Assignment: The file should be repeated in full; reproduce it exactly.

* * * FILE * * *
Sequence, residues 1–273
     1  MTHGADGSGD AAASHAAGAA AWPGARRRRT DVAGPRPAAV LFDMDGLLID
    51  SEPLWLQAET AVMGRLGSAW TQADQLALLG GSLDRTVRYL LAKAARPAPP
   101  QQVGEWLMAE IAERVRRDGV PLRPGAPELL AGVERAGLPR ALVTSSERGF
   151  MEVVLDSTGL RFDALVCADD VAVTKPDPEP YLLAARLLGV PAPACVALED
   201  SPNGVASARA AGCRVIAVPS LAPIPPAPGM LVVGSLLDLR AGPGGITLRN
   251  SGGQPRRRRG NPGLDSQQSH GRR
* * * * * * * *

Sequence, residues 1–273
     1  MTHGADGSGD AAASHAAGAA AWPGARRRRT DVAGPRPAAV LFDMDGLLID
    51  SEPLWLQAET AVMGRLGSAW TQADQLALLG GSLDRTVRYL LAKAARPAPP
   101  QQVGEWLMAE IAERVRRDGV PLRPGAPELL AGVERAGLPR ALVTSSERGF
   151  MEVVLDSTGL RFDALVCADD VAVTKPDPEP YLLAARLLGV PAPACVALED
   201  SPNGVASARA AGCRVIAVPS LAPIPPAPGM LVVGSLLDLR AGPGGITLRN
   251  SGGQPRRRRG NPGLDSQQSH GRR